[Post updated February 2017 with new maps and sources]
This week in ITGS we did a Networks refresher, covering topics such as LANs, IP addresses, DNS, ISPs, and the Internet backbone (this is chapter 4 in the textbook). The resources below show various parts of the Internet backbone graphically, letting you really see how information travels from your computer to web servers (and back) when you visit a web site.
Global Internet backbone maps
Mapping the world’s backbones is difficult because there are so many cables, owned by many different telecommunications companies. TeleGeography’s global backbone map and Greg’s cable map are both very good attempts though. The maps below are just images – click for interactive versions. Greg’s Cable Map also makes the raw data and KML available for you to download.
Telegeography also has a gallery of telecommunications maps with a variety of formats and data sets.
Regional backbone maps
If that isn’t enough, TeleGeography also have a range of regional maps, including submarine Internet cables and country statistics. Here is the map for Latin America. Again, click the image for an interactive version:
Maps of Europe and the Middle East
Telegeography’s wide range of maps includes Europe and the Middle East:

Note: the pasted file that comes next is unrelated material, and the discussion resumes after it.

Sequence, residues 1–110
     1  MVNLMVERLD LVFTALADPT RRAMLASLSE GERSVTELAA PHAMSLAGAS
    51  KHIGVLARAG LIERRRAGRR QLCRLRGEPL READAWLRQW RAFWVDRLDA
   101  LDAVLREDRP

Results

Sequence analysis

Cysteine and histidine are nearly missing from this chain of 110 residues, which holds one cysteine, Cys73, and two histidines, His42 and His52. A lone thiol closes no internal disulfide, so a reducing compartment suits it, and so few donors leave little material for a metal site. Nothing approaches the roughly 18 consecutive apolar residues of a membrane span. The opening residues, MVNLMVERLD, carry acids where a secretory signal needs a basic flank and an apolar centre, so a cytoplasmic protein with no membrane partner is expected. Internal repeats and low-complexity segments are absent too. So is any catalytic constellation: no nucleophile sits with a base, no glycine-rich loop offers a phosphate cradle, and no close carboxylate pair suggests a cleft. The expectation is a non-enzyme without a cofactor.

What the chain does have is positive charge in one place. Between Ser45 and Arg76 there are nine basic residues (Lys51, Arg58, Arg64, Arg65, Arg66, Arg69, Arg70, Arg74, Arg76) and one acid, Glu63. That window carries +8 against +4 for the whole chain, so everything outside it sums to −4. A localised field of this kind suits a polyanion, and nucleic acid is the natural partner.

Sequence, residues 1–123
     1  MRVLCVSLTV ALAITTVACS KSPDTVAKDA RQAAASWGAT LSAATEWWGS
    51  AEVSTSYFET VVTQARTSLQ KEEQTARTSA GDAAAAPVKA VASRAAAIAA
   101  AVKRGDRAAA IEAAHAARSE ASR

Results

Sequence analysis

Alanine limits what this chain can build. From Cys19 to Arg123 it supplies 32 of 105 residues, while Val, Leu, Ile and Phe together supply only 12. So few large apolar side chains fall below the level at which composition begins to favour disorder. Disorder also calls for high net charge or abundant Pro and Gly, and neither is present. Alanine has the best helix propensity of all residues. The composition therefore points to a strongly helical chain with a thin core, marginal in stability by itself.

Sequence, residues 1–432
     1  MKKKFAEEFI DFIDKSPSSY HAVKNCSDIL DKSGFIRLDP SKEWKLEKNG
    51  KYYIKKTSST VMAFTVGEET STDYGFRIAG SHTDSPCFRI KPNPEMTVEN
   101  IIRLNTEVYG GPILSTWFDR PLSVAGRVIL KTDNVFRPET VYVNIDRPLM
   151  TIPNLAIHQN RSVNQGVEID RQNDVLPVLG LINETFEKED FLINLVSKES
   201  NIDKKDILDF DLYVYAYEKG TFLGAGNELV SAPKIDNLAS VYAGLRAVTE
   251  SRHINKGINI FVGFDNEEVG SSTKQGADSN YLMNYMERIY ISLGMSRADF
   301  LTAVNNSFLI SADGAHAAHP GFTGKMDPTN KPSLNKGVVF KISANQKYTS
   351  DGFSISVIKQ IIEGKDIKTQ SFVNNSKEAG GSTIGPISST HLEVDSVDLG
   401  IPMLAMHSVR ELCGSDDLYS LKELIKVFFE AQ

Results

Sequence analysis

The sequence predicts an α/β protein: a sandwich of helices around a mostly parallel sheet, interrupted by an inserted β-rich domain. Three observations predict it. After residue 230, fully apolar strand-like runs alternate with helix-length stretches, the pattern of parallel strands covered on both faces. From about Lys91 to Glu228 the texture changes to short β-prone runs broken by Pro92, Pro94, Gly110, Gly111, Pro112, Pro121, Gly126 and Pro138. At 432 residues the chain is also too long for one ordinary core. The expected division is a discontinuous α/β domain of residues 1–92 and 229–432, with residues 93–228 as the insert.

African Internet backbone maps
There has been a lot of Internet backbone development taking place in Africa recently. These maps from ManyPossibilities.net show the latest ACE cable laid off the coast of West Africa. This cable alone can carry over 5000 gigabits of data. Future backbone cables will have capacities measured in terabits. In fact, the proposed cable crossing the South Atlantic to Brazil will be capable of transferring 12.8 terabits!
how much of the internet uses satelite communication.
Good question. I don’t know, to be honest. Not a huge amount, I think – because satellites offer relatively low bandwidth connections and are rather expensive. It would be interesting to see how (or if) satellite connectivity could help connect remote communities though (reducing the digital divide).
I think it is more expensive in the long run to use satellite for remote areas than to extend the already existing cables in their direction unless of cause you expect the users to be mobile which is hardly the case if so VSAT would be the option.